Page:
Driven by American demand for cheap furniture, China has become the greatest importer of illegal timber. The illegal timber trade is devastating forests across Africa and Asia.
A study published in the Royal Geographical Society in 2018 demonstrates the relationship between the exportation of timber to China and the destruction of forests in the Congo Basin. Researchers studied data collected from 2001 to 2015 to see how tree-cover changed during that period. Tree-cover loss had been measured by remote sensing.
Over that 15-year period, timber exports from countries in the Congo Basin to China doubled. 50% of these timber exports came from Cameroon and the Republic of Congo. Researchers found a positive correlation between increased timber exports to China and tree-cover loss in the Congo Basin. Additionally, Chinese timber imports from the Congo Basin increased with a rise in American demand for furniture made in China.
Illegal Timber Trade
The global illegal timber trade is a lucrative one. Estimates suggest that 30% of the timber produced each year is done so illegally. The illegal timber industry is worth between $30 and $100 billion annually. Its impacts on the environment and developing countries are disastrous.
According to a report from the Environmental Investigation Agency, illegal loggers clear a football field-sized area of forest every two seconds. In 2008 alone, more than 12 million acres of forest were lost to illegal logging. Eventually, this leads to forest clearances. When robust forests get diminished by logging, there is an opportunity to completely clear them to make way for plantations.
Developing countries bear the brunt of the illegal timber trade. Their forests are not well-regulated, and there is often weak law enforcement, which can lead to corruption. Estimates indicate that developing countries lose $15 billion in taxes and revenue each year to illegal logging. These losses slow down development and further destabilize struggling areas. The illegal timber trade is extremely profitable, and protecting it has led to violence and murder in many cases. It has also contributed to armed conflicts in countries like Myanmar, Sierra Leone, Cambodia, and Liberia.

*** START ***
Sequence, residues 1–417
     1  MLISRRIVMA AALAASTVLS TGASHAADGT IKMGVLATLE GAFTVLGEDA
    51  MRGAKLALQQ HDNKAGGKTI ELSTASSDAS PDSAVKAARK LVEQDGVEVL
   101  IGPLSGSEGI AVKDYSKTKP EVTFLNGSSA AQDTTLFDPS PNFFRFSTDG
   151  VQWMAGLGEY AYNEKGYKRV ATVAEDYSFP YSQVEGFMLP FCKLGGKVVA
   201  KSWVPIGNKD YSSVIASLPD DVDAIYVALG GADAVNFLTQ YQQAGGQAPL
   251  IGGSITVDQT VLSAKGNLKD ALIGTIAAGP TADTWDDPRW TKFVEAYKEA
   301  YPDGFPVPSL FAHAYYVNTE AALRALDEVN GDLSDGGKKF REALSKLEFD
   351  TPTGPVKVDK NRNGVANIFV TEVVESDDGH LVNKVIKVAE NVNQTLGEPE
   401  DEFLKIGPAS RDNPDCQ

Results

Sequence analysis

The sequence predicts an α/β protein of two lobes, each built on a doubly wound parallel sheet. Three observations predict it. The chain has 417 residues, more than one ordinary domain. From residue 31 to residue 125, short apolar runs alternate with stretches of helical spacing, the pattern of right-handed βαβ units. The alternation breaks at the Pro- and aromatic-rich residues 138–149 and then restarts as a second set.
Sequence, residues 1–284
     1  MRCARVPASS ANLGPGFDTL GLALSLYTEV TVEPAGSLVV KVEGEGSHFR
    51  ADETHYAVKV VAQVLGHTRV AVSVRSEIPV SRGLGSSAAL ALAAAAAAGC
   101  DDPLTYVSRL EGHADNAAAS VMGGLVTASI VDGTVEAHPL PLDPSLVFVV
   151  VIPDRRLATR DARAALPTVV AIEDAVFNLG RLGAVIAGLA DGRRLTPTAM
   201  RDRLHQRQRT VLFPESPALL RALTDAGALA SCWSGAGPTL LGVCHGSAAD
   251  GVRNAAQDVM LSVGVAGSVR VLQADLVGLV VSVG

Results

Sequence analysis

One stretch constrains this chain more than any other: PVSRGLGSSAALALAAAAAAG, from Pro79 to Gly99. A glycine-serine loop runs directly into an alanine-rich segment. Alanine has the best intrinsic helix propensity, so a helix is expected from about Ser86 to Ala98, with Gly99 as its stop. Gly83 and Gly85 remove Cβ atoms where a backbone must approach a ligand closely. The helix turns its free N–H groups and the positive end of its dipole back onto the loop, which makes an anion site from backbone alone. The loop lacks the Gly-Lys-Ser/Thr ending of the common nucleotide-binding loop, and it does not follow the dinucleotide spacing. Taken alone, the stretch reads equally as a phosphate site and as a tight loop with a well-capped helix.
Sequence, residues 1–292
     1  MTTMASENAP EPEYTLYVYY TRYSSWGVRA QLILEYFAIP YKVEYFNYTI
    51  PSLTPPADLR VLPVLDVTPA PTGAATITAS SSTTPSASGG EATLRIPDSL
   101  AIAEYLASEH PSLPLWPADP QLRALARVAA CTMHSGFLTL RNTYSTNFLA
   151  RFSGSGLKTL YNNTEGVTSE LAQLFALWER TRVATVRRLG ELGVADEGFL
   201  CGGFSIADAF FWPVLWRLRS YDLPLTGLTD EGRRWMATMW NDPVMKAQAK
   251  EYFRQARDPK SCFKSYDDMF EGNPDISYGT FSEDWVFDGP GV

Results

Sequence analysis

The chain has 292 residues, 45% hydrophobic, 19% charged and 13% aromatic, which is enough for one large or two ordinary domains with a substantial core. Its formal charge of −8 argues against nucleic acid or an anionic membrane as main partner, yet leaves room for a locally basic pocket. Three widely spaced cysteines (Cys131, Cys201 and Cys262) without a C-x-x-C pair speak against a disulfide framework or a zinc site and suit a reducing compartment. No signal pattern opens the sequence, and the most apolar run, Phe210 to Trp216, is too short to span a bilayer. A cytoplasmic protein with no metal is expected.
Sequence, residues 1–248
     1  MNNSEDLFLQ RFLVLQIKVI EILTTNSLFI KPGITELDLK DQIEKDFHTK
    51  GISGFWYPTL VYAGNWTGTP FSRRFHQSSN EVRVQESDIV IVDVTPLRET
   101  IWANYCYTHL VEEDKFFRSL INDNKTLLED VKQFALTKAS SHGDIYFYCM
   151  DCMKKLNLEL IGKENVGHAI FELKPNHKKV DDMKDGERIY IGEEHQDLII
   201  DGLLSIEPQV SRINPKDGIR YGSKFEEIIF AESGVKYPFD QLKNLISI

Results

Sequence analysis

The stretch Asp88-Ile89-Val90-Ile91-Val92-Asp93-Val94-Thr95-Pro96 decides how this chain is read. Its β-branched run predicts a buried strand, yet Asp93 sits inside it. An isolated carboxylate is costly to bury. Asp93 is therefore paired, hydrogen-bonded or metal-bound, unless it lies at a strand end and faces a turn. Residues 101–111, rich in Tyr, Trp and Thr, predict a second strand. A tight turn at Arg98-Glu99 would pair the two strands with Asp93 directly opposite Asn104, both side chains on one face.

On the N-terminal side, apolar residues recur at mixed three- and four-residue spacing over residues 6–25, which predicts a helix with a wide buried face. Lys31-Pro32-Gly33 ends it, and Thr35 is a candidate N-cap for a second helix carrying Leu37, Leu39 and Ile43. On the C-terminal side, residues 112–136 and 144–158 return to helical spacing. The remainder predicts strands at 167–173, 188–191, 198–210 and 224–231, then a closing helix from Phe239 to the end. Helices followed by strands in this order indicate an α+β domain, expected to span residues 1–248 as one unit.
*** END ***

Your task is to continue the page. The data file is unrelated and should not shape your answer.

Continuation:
Taking on Illegal Logging
Countries around the world have recognized the significant impact of the illegal timber trade and are taking measures to curb it. The most successful reforms have been improved regulation in timber exporting countries, as well as amending the markets in consumer countries like the European Union and the United States. The EU’s 2003 Forest Law Enforcement Government and Trade Action Plan, as well as the US’s 2008 Amendment to the Lacey Act establish clear guidelines for verifying where timber imports come from. These reforms have led to a 22% reduction in illegal timber production globally since 2002.
China remains the biggest trader of illegal timber in the world. As long as the country continues to import and consume illegal timber at its current rate, there will be dire consequences for the environment and developing countries.
To deter China’s role in the illegal timber trade, countries that import its products, such as the US, must continue to demand goods made from legally logged timber, rather than cheap furniture manufactured from stolen resources.
Reference: | Eia-International | Rgs-Ibg